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4.6 out of 5 stars
4.6 out of 5 stars
Format: Audio CD|Change
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on 21 December 2013
OK so this must be a mistake. I just bought this, as part of a two CD for £15 deal. On downloading, it turns out I got the whole of Live from KCRW too, although this doesn't show on the listing, well chuffed as the latter is probably the album of the year for Nick Cave fans.

It is beautiful of course, you'd have to be dead not to love this guy.
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on 15 January 2014
Bought the download version for £2.99 which came with the new live album free - bargain! It's good but not up there with 'No more shall we part' or his Grinderman albums. I guess it's all down to taste and this is way better than 99% of the rubbish that's out there now and he doesn't really get recognised for it. No justice.
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on 10 August 2016
I may not be a typical Nick Cave fan - Dig Lazarus Dig! left me cold, and I struggle with the heavier rock anthems - but I absolutely love the softer, more orchestral stuff, and Push the Sky oozes quality. Most of it has been said already in the 5 star reviews, better than I could, so I'll just add a few words about the vinyl release. I have it on CD, and the difference is startling - it sounds so much richer, so much more detailed on vinyl - it's one of those albums that really showcases how good vinyl is and why it is better than CD - so, congratulations to the prodction team on the 180 gram vinyl release.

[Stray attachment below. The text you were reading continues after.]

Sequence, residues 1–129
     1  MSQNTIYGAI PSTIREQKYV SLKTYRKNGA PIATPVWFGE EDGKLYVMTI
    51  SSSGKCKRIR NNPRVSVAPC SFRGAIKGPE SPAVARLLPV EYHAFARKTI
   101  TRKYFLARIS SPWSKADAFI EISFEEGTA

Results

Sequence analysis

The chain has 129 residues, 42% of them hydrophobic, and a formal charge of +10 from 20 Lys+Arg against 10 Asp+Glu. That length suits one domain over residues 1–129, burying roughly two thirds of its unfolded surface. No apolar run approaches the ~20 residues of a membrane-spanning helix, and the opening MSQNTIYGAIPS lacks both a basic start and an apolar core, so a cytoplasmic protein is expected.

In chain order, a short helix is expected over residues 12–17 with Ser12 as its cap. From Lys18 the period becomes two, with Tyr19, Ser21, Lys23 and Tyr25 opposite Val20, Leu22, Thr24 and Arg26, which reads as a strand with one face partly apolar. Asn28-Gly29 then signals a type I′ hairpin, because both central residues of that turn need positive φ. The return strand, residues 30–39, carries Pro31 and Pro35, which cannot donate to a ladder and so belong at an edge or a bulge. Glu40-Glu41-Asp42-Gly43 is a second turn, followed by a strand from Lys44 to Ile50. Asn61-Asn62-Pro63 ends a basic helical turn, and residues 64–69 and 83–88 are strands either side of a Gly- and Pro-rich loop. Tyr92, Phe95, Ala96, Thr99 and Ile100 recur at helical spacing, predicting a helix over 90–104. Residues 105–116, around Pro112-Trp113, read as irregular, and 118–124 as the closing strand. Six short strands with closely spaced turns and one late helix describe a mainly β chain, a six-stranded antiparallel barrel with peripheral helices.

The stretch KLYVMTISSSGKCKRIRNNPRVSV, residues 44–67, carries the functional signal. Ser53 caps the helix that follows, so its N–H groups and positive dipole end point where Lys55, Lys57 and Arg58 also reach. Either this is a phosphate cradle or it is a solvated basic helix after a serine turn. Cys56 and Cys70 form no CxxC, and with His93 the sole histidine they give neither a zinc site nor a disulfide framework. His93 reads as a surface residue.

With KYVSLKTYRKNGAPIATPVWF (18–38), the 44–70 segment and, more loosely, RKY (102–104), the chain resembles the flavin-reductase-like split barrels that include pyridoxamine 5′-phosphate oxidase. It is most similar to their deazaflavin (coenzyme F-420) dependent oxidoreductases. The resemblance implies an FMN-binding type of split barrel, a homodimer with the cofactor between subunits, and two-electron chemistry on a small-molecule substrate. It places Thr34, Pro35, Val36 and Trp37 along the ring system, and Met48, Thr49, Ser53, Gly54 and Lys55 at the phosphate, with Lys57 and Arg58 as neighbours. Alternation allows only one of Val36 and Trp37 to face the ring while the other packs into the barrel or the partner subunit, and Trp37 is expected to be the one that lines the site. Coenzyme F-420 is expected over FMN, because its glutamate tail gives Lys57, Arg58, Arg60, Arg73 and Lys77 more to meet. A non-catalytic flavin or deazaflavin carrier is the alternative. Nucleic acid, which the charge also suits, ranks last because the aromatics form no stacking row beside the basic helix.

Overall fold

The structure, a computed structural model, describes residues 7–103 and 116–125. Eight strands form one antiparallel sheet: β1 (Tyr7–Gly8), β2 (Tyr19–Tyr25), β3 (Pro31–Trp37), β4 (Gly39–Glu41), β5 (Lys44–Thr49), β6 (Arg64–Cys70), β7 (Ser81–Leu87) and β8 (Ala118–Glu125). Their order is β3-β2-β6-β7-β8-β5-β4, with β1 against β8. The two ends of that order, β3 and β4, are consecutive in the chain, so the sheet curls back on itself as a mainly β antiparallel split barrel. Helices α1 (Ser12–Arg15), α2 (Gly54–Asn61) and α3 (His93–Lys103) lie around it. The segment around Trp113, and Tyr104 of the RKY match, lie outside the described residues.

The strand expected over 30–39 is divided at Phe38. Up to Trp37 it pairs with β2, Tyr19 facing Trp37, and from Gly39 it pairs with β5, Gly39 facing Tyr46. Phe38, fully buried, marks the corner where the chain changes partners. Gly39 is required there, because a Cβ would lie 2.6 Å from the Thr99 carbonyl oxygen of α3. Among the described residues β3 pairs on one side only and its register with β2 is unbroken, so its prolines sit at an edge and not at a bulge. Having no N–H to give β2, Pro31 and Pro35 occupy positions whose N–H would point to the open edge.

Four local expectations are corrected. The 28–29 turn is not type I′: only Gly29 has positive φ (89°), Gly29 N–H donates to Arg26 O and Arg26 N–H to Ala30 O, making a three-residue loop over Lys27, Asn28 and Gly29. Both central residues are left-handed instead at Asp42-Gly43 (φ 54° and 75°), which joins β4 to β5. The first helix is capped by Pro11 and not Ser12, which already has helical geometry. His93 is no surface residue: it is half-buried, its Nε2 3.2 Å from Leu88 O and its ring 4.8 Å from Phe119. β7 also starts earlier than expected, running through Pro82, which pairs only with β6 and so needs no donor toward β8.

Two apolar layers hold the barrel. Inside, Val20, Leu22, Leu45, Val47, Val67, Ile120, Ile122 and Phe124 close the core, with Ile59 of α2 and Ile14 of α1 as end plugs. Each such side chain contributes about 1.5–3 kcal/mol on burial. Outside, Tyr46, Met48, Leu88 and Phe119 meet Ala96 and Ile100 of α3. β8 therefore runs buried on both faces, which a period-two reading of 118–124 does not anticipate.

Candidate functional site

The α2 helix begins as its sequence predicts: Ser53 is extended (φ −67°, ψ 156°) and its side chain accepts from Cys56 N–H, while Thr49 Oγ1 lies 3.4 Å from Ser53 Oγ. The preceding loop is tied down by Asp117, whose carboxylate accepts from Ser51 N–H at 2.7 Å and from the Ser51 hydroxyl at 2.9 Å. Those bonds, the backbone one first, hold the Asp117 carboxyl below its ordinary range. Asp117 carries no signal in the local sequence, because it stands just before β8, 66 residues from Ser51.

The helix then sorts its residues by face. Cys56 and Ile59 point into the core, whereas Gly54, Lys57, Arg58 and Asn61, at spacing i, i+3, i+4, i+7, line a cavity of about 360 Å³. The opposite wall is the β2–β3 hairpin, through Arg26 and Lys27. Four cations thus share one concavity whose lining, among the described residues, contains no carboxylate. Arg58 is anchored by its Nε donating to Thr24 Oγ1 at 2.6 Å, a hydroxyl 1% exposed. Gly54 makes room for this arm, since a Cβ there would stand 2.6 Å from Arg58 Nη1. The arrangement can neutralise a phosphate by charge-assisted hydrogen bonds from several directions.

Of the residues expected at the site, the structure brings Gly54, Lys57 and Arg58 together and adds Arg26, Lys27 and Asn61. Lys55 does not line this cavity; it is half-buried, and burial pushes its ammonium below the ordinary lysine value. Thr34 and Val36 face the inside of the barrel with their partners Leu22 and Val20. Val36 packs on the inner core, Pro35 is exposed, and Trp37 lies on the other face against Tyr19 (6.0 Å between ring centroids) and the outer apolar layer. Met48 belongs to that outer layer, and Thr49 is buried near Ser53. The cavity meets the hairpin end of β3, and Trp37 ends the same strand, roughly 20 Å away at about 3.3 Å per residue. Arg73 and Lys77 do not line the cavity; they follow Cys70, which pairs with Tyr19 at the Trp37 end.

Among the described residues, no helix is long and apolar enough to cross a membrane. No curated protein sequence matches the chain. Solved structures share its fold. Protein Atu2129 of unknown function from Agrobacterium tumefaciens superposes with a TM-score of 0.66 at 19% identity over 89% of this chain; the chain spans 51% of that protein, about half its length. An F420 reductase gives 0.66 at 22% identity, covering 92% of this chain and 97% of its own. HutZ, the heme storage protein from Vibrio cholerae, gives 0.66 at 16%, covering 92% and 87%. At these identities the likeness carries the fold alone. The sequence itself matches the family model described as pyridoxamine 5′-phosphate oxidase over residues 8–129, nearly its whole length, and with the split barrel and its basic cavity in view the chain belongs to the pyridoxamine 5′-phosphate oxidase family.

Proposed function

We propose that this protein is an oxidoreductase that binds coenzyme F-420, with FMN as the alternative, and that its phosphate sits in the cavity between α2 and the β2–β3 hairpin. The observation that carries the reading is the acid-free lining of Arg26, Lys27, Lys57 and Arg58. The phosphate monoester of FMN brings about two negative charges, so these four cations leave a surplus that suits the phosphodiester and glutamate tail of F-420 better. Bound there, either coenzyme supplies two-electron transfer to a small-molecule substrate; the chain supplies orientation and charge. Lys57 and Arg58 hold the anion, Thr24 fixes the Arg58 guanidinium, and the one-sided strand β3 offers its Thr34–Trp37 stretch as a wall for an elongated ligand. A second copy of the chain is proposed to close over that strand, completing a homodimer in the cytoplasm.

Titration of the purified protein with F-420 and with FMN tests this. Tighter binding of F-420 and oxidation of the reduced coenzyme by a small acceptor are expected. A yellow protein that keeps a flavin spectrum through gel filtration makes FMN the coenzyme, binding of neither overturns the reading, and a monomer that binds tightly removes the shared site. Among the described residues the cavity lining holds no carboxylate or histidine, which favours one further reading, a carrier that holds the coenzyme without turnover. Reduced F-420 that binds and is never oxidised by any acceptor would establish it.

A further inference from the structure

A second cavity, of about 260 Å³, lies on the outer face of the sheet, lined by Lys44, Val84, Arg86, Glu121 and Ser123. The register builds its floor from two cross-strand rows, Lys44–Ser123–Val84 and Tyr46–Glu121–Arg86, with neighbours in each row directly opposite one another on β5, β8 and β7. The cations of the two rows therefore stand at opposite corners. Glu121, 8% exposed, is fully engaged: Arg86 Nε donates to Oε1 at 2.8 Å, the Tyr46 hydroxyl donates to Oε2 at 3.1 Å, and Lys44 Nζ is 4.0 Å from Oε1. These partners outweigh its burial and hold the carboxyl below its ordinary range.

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on 17 March 2013
I bought my first Nick Cave CD(Greatest Hits) after hearing Where The Wild Roses Grow with Kylie Minogue, and I wasn't disappointed. I then went on to buy Let Love In, Dig Lazorous Dig and The Lyre of Orpheus, all were good but to me not brillaint. Late last year I bought Murder Ballads, absolutely fantastic, dark but brilliant. Then a few weeks ago I ordered Push The Sky Away, and waited with anticipation, would I like it, would it be as good as some of the reviews, and more importantly would it get played regularly, occassionally or just put in the drawer.

The day of reckoning came, opened it with great expectations, in the cd player and then WHAM!! what an absoutely fantastic collection of music and songs, would I play it again? it hasn't been off yet!